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Standing up for yourself: Assertiveness

February 24, 2014
By CATHY THOMAS BROWNFIELD - Family Recovery Center Publicist , Salem News

Bullying is a complex issue these days. It's not just about kids on the playground or on the way to or from school. It happens at home, on the job, anywhere that someone is perceived to be weak, vulnerable and easily pushed around. And it can be difficult to find a way to stand your ground. The lines in the sand seem muted and unclear sometimes. It can be a challenge to decide whether to walk away and think things over or to stand up to bullies and, whatever happens, stand up for yourself.

Learning to assert yourself is an important life skills tool. You want to reduce stress. You can't be healthy hiding away in isolation so you need the right life skills to "assert" yourself without making enemies.

"Being assertive is a core communication skill," advises the Mayo Clinic. "Being assertive means that you express yourself effectively and stand up for your point of view, while also respecting the rights and beliefs of others." Being able to assert yourself will boost your self-esteem and earn respect from others. "Assertiveness is based on mutual respect." And how we express ourselves says a whole lot about how others perceive the way we think of ourselves.

There are a few terms you should be aware of, and their meanings.

- Assertiveness. You address your needs or rights positively and constructively without violating someone else's rights: direct, honest and open communication.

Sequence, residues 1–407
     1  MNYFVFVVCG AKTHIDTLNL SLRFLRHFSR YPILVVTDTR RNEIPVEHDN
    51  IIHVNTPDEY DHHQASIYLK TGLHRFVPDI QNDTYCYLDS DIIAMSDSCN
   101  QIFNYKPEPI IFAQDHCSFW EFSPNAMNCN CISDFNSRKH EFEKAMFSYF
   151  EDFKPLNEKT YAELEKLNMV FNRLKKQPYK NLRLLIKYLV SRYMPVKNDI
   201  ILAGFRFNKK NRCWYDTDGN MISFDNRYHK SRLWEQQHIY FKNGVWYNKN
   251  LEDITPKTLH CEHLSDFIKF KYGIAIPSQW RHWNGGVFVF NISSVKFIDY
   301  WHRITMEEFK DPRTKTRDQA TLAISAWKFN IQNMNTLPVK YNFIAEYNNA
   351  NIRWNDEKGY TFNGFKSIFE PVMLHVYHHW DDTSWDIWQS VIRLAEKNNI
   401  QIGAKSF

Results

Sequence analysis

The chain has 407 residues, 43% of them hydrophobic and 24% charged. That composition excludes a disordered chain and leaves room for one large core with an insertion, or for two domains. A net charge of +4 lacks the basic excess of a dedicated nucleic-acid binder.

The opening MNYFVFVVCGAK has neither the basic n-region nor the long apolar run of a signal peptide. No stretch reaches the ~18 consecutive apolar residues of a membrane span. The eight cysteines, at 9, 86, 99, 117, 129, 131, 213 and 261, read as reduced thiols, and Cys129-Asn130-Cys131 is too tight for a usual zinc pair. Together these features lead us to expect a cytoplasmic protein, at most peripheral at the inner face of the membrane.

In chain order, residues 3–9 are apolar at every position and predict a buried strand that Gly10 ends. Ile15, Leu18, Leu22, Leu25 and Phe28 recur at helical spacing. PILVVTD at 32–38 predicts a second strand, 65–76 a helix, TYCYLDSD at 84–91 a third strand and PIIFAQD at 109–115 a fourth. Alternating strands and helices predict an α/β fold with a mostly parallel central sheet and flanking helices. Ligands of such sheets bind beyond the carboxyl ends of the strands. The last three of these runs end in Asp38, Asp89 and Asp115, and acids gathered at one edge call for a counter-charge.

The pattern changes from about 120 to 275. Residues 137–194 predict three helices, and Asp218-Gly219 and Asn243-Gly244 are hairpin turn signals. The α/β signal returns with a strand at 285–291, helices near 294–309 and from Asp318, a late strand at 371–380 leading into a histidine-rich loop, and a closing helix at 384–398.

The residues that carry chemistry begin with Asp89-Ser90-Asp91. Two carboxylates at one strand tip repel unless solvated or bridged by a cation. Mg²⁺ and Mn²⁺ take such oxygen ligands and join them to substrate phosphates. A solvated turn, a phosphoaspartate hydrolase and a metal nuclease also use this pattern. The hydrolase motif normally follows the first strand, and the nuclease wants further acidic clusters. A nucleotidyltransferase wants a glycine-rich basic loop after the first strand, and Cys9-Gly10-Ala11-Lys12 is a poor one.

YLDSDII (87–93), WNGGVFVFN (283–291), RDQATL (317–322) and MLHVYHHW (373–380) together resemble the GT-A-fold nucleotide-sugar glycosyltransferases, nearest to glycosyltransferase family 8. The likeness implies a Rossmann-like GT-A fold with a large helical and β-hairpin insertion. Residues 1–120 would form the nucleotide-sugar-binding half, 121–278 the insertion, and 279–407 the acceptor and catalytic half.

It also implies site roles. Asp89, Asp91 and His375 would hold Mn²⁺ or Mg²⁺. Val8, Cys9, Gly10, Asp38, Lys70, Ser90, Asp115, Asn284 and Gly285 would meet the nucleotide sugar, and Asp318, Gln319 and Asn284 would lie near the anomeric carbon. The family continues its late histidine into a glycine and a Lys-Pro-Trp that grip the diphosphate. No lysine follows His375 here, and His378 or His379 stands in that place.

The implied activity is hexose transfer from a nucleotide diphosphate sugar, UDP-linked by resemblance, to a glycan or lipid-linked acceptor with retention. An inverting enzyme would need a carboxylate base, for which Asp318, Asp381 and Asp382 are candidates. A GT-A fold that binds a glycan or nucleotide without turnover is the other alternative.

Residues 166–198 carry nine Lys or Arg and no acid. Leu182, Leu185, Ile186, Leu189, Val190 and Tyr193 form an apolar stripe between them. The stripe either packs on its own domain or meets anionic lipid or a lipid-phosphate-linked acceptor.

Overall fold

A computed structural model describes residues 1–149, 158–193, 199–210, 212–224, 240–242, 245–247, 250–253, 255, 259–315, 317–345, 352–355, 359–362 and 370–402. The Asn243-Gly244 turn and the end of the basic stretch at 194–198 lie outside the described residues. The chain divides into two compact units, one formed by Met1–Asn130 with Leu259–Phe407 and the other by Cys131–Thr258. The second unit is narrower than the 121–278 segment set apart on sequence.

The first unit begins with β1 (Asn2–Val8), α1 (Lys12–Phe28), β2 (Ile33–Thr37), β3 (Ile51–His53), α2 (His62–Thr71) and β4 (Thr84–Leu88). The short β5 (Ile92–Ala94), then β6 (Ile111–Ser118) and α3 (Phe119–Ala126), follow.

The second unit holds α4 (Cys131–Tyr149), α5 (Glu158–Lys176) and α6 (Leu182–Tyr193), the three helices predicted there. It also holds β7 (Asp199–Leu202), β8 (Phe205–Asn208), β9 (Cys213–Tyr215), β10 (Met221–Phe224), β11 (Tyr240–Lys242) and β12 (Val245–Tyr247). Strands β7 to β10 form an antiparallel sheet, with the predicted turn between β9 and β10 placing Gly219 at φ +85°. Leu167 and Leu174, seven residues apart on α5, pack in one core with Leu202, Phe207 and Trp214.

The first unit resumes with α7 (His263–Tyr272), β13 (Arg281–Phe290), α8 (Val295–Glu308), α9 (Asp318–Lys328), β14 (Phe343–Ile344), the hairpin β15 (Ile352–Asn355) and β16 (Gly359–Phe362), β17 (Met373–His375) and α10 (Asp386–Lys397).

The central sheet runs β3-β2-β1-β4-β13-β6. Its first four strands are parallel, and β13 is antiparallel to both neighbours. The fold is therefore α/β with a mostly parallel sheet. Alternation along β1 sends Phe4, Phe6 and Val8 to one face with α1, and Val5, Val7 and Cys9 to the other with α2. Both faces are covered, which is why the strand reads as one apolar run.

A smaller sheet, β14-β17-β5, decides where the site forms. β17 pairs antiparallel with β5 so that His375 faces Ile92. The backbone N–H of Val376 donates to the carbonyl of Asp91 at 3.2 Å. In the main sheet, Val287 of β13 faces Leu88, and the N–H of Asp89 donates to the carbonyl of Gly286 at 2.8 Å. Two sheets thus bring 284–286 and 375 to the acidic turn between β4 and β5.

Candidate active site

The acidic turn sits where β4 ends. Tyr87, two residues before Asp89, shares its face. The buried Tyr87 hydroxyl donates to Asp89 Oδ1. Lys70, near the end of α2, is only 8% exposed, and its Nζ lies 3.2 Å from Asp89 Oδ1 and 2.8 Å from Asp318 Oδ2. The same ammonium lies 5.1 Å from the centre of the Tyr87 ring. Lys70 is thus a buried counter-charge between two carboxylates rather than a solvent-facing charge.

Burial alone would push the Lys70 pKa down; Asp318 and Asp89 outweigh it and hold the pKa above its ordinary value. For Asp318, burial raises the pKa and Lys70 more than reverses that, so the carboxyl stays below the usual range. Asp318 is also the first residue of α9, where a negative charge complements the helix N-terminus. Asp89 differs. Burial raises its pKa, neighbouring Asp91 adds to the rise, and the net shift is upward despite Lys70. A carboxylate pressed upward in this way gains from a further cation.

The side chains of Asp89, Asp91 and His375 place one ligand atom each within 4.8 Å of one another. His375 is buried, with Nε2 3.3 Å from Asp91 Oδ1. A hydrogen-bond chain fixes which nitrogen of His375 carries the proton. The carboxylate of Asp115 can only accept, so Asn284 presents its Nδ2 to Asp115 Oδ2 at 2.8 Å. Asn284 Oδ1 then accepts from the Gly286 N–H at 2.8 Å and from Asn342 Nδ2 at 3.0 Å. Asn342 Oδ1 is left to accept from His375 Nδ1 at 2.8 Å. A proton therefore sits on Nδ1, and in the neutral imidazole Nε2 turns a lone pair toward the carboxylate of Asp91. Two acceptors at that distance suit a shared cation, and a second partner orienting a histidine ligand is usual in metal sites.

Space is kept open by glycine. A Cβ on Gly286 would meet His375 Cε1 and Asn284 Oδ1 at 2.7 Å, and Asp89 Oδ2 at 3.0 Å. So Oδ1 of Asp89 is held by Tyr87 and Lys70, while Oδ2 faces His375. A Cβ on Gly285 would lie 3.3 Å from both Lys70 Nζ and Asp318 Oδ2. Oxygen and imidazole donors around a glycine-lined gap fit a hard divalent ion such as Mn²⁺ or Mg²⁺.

- Selfish. A person is being excessively or exclusively concerned about oneself.

- Aggressive. You express your rights at someone else's expense or denying the rights of others with force.

- Passive. You appear shy or too easy-going and avoid conflict which tells people you and your needs and wants are not as important as they and theirs are.

- Passive-aggressive behavior. You say yes when you want to say no. You are sarcastic or complain about others behind their backs. You're uncomfortable expressing your needs and feelings directly. These behaviors erode relationships and mutual respect. You are less likely to get what you want or need. And once trust is violated, it's not an easy task to earn it back again.

- Self-esteem. Your overall opinion of yourself.

The Mayo Clinic also says, "Self-esteem is shaped by your thoughts, relationships and experiences. [You should] understand the ranges of self-esteem and the benefits of promoting healthy self-esteem including mental well-being, assertiveness, resilience and more."

Do you feel good about yourself? Why?

How important are your opinions and ideas?

Do you worry that you aren't good enough?

How do others treat you?

What kinds of life experiences (community, school, work) have affected your self-image?

Other things that affect your self-esteem include disability, illness or injury, culture, religion, role and status in society. How strong are your relationships with others? Family, friends, peers, teachers, all are important to your emotional well-being. Circumstances at any time in your life can affect how you think of yourself. Denying problems doesn't make them go away. Sooner or later you will have to deal with the issues if you want to find a happy place to live.

Healthy self-esteem lies between the extremes of overly high and negative self-esteem. It means you have a balanced perception of yourself, even with your flaws. You feel worthy and secure. And you are happier in your relationships. It's about liking who you are, even with your flaws, since nobody is perfect.

Family Recovery Center promotes the well-being of individuals, families and communities with education, prevention and treatment programs related to substance abuse and related mental health issues. For more information, contact the agency at 964 N. Market St., Lisbon; phone, 330-424-1468 or e-mail, info@familyrecovery.org. FRC is funded in part by the United Way of Northern Columbiana County.

 
 

 

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